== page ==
Wednesday, August 31, 2005

Swanson's Unwritten Rules of Management

William Swanson, CEO of Raytheon, has written a great little book of management rules.  You can get it from Raytheon for free and it’s worth filling out the web form to request it

The pocket-sized, spiral bound book has plenty of gems not just for improving your leadership, but for improving professional relationships.

A couple of my favorites:

Rule 5: Presentation rule: when something appears on a slide presentation, assume the world knows about it and deal with it accordingly.  I’d say this extends to any form of communication, especially e-mail.  Don’t expect your e-mails to remain private.  Save your ranting and disparaging, negative comments for private, face to face communications.  Sending out unprofessional mails, or mails containing sensitive content, is flat out foolish and you’re risking showing your ass big time.  Trust me, I learned this lesson the hard way years ago.  (Luckily the stupid comments I sent out were about a co-worker I actually had a good relationship with.  A face-to-face apology wasn’t easy, but smoothed things over.)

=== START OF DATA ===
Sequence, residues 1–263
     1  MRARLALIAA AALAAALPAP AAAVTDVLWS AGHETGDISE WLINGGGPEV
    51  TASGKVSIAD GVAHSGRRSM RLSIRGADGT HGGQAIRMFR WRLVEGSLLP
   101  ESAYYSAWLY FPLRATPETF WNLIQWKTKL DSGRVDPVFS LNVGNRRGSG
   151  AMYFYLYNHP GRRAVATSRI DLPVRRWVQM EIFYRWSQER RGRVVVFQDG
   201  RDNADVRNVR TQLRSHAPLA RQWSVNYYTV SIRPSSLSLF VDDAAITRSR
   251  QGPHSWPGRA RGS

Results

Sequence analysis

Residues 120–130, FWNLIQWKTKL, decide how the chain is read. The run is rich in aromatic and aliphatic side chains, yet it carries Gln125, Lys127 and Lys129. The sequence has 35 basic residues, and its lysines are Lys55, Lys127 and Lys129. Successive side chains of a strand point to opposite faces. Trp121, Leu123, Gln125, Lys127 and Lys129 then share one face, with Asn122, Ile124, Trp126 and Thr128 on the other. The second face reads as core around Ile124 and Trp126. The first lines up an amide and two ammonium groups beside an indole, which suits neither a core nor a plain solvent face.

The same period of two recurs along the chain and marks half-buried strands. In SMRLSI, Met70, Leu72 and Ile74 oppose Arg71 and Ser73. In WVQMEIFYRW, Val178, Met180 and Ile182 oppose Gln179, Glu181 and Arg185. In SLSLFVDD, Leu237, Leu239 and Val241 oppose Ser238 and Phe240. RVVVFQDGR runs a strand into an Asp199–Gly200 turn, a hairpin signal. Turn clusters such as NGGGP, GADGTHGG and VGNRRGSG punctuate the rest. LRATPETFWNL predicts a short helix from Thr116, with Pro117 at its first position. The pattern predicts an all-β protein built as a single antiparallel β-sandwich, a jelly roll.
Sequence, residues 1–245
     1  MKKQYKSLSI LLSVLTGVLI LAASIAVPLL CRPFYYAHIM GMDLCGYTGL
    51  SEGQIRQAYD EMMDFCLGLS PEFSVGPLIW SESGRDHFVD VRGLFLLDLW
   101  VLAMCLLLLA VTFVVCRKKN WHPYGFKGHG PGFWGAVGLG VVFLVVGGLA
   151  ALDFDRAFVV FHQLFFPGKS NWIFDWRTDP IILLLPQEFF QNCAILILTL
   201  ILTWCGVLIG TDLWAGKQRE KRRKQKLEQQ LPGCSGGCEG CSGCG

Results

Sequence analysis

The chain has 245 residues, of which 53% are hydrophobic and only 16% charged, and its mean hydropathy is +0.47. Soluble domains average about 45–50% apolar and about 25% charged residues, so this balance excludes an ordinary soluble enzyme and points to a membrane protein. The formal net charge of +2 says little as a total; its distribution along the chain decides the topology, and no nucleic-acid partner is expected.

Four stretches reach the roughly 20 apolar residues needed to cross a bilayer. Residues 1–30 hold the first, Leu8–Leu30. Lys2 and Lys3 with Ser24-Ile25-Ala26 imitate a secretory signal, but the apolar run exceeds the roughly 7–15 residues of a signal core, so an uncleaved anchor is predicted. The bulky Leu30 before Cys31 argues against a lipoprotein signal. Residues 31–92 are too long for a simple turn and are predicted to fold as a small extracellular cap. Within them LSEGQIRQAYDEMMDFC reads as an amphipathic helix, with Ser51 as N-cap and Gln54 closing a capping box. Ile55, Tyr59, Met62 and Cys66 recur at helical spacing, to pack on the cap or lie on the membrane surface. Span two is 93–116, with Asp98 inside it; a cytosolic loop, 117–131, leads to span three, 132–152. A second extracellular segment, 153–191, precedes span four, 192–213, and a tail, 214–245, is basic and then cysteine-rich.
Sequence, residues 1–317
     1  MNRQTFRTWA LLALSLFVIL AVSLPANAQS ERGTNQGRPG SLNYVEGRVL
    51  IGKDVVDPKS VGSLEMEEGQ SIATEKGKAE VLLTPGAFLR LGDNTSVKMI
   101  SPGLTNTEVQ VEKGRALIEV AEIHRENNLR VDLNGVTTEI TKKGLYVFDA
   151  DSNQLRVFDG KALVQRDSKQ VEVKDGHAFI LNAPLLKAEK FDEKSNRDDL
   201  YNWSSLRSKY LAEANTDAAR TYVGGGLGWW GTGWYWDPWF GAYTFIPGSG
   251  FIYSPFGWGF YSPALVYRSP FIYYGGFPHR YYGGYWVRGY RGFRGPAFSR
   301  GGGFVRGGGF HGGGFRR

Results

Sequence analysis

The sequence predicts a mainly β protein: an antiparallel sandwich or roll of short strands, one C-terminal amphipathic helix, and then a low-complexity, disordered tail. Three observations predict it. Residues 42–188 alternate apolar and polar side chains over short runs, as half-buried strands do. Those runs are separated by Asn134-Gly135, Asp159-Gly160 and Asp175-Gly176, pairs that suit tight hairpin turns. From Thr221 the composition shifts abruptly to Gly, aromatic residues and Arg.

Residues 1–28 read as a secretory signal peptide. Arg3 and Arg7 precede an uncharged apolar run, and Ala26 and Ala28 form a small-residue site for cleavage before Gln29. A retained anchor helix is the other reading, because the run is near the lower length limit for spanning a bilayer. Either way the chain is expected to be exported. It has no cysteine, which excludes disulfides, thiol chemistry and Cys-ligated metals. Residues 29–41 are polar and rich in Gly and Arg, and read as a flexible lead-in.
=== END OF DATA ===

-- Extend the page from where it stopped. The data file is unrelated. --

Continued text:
Rule 32: A person who is nice to you but rude to the waiter  – or to others – is not a nice person.  Be very, very wary of folks who speak sugar to you but snub others they perceive as lower than them.  These folks are usually carrying a large knife to stick in your back.

And my personal favorite, one I’ve believed strongly in for years:

Rule 1: Learn to say, “I don’t know.”  I have never felt uneasy saying “I don’t know,” because that’s immediately followed by “but I’ll find the answer.”  I detest people who blab on in meetings trying to contribute to make themselves look better when they’re really making themselves out like fools.  I’ve had the misfortune to work for a couple managers (not leaders) like this.  I was happy to leave those jobs.  “I don’t know” is a powerful phrase because it shows confidence in yourself.  That’s right, confidence.  I’m not bothered by admitting I don’t know something.  So there.

Grab this book and give it a read.  It’s powerful stuff.

(I stumbled across a reference to this book on a blog some months back.  I don’t remember whose blog it was, so I can’t give credit.  Sorry.)

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